NIH Research Festival
Invariant natural killer T (iNKT) cells are an unconventional T cell subset expressing a semi-invariant T cell receptor (TCR) that recognizes lipid antigens presented by the monomorphic MHC I-like molecule CD1d. Studies of Œ±-galactosylceramide (Œ±-GalCer) analogs, prototype iNKT cell antigens, have shown that differences in the structures of glycolipid antigens can significantly alter the activities of iNKT cells. However, recent studies suggested that structure-function relationships provided by analysis of iNKT cell recognition of Œ±-GalCer analogs are not necessarily applicable to other glycolipid antigens. This study investigates the structure-function relationships of a self-glycolipid antigen, sulfatide, for the activation of human iNKT cells. Eight new sulfatide analogs with structures similar to 7DW8-5, a glycolipid 100-fold more potent in stimulating iNKT cells than Œ±-GalCer, have been synthesized. First, we examined the recognition of the sulfatide analogs by the TCR of iNKT cells by creating CD1d-tetramers loaded with sulfatide analogs and used them to stain iNKT cells. The results showed that the staining properties of CD1d-tetramers differ depending on the acyl chain structure of the sulfatide analog loaded. Next, we will examine the stimulatory properties of the analogs against a human iNKT cell line in vitro. Once we have identified analogs that can stimulate human iNKT cell lines, we plan to test their antigenicity using ex vivo human iNKT cells. The information obtained from this study could help design new agonistic lipid antigens for human iNKT cells, creating a potential therapeutic strategy to augment an anti-cancer immune response.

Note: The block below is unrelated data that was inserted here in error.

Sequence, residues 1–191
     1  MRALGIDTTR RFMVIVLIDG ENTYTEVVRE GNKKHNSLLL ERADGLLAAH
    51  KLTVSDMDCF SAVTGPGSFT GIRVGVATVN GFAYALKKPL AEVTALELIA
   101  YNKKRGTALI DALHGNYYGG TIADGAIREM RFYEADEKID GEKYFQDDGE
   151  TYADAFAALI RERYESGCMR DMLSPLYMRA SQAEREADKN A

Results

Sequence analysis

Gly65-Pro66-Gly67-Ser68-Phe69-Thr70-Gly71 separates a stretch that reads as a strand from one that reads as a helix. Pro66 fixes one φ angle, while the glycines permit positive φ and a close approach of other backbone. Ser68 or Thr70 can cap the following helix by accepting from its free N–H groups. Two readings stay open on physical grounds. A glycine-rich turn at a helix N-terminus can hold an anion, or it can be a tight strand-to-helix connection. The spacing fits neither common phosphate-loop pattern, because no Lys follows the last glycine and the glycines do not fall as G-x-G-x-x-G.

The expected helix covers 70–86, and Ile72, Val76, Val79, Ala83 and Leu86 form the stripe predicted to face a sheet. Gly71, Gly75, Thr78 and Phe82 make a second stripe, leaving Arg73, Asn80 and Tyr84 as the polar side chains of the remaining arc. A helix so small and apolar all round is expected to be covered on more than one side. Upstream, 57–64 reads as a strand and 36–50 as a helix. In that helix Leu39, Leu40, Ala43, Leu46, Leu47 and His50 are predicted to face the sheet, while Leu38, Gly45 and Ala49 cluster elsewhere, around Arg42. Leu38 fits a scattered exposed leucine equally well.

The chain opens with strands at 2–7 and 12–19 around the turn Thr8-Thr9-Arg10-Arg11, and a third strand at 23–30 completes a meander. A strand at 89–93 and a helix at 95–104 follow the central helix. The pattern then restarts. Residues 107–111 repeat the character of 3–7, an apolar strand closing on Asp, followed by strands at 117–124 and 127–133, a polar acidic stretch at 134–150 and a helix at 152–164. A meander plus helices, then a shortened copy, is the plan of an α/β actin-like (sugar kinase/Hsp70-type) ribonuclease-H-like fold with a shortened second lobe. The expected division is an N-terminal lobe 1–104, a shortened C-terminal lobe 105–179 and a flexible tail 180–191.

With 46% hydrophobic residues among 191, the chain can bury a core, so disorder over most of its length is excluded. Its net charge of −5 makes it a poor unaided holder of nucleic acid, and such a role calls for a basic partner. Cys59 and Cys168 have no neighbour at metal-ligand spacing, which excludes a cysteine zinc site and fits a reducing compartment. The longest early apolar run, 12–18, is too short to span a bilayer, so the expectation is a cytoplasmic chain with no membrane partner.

Scientific Focus Area: Immunology
This page was last updated on Monday, September 25, 2023